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September 2011, Halkidiki, Northern Greece: A solitary 86-year-old man gazes across an Aegean headland, knowing that he must finally confront his past. He begins to write...September 1939, Nieppe, Northern France:14 year-old Stephen is living with his family, 25 kilometres from Ypres. His French mother battles with her encroaching blindness. Failing to escape the advancing German army, his English father can no longer look after the war graves that cast so heartbreaking a shadow across the region. Stephen and his friend Marcel embark upon their great adventure: collecting souvenirs from strafed convoys and crashed Messerschmitts.
But their world turns dark when arrested and imprisoned for sabotage and threatened with deportation or the firing squad. Upon his release, and still only 16, Stephen is recruited by the French Resistance. Growing up under the threat of imminent betrayal, he learns the arts of clandestine warfare, and - in a moment that haunts him still - how to kill....
Such was the impact of Stephen Grady's work for the French Resistance, (especially during the countdown to D-Day and its bloody aftermath) that he was awarded the Croix de Guerre and the American Medal of Freedom.
Customer ReviewsMost Helpful
By alvaro de torres on 08-22-13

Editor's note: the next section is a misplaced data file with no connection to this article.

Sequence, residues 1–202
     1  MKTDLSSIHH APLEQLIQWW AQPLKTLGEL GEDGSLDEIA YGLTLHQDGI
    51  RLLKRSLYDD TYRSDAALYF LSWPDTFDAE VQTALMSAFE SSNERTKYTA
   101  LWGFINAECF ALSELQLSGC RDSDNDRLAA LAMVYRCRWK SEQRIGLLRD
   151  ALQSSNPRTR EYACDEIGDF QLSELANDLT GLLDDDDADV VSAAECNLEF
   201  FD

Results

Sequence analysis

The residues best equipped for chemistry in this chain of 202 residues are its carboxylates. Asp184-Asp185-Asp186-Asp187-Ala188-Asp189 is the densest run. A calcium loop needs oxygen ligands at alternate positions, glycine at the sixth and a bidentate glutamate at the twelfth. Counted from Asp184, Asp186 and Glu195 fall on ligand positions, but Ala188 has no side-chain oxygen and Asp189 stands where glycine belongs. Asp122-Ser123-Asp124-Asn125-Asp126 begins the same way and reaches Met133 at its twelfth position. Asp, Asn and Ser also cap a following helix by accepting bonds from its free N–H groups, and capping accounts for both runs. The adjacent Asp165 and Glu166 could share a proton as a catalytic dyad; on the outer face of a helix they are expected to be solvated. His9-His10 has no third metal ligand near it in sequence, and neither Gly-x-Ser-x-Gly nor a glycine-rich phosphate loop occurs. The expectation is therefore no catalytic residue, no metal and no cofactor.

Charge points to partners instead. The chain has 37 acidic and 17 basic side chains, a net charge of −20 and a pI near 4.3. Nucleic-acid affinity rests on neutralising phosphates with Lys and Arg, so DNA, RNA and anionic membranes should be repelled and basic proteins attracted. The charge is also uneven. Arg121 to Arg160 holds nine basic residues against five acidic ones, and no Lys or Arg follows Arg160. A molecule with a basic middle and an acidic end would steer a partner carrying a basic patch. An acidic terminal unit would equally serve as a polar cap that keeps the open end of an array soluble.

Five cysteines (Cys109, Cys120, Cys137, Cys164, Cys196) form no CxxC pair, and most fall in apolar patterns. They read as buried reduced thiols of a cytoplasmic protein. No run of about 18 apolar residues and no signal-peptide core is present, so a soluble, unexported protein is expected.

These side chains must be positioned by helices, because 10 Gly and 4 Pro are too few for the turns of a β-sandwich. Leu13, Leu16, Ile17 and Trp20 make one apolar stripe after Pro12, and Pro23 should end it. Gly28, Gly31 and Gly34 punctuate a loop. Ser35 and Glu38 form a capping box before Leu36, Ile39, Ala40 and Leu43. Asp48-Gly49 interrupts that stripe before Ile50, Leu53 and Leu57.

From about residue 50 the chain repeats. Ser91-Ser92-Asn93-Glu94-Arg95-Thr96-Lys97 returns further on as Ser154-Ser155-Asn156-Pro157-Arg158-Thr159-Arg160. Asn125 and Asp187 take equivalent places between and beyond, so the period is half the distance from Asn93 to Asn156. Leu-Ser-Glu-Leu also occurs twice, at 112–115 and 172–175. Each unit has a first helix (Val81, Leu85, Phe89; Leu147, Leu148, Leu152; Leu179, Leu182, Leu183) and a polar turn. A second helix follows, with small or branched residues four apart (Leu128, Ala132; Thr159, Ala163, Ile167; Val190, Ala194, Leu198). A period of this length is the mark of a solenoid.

great book, though with a technical problem
Where does Gardens of Stone rank among all the audiobooks you’ve listened to so far?
The book is very good and interesting. There's a problem, which is probably caused by the editing of the recording.
In the chapter 25, minute 5,20 ( according to the recording order, not the book order ), suddenly you get the same part of the book that appeared some hours before.
This repetition lasts until the minute 14, which is the end of the chapter 25, and then the story continues correctly with chapter 26. The main problem is that you don't know if this mistake implies that you got the wrong recording during these 9 minutes and you are missing the good one, therefore missing a part of the book.
1 of 1 people found this review helpful
Customer ReviewsMost Helpful
By Ian on 08-26-13
The Best Yet
I actually heard about this book during a radio book review and I sought it out. Honestly, I'm an audible vetran and this book is the Usain Bolt of audio book world, it's sheer gold.
It's such a straight forward, well narrated story of heroism and guts that it is quite simply, astounding. It's written in an almost modest, apologetic way. To all those people of that time involved in the French Resistance, I salute you. To a man and women you should all tell you tale.
6 of 6 people found this review helpful
By Sophie on 07-20-15
An incredible memoir
I loved this book and was utterly gripped. It was beautifully read with a wonderful transition at beginning and end from an elderly voice to the main narrator, which in itself was moving. This is a true story about a young Anglo-French boy growing up during the Second World War and his desperate need to make some impact against the occupation. His adventures begin in a low key fashion but cause him to be arrested; later he is recruited for the Resistance itself. It has the feel of a novel because it seems almost impossible to be true; and yet, of course, it is. It's one of the best books I have heard for a long time, and puts the sentimental novels set in occupied France to shame!
3 of 3 people found this review helpful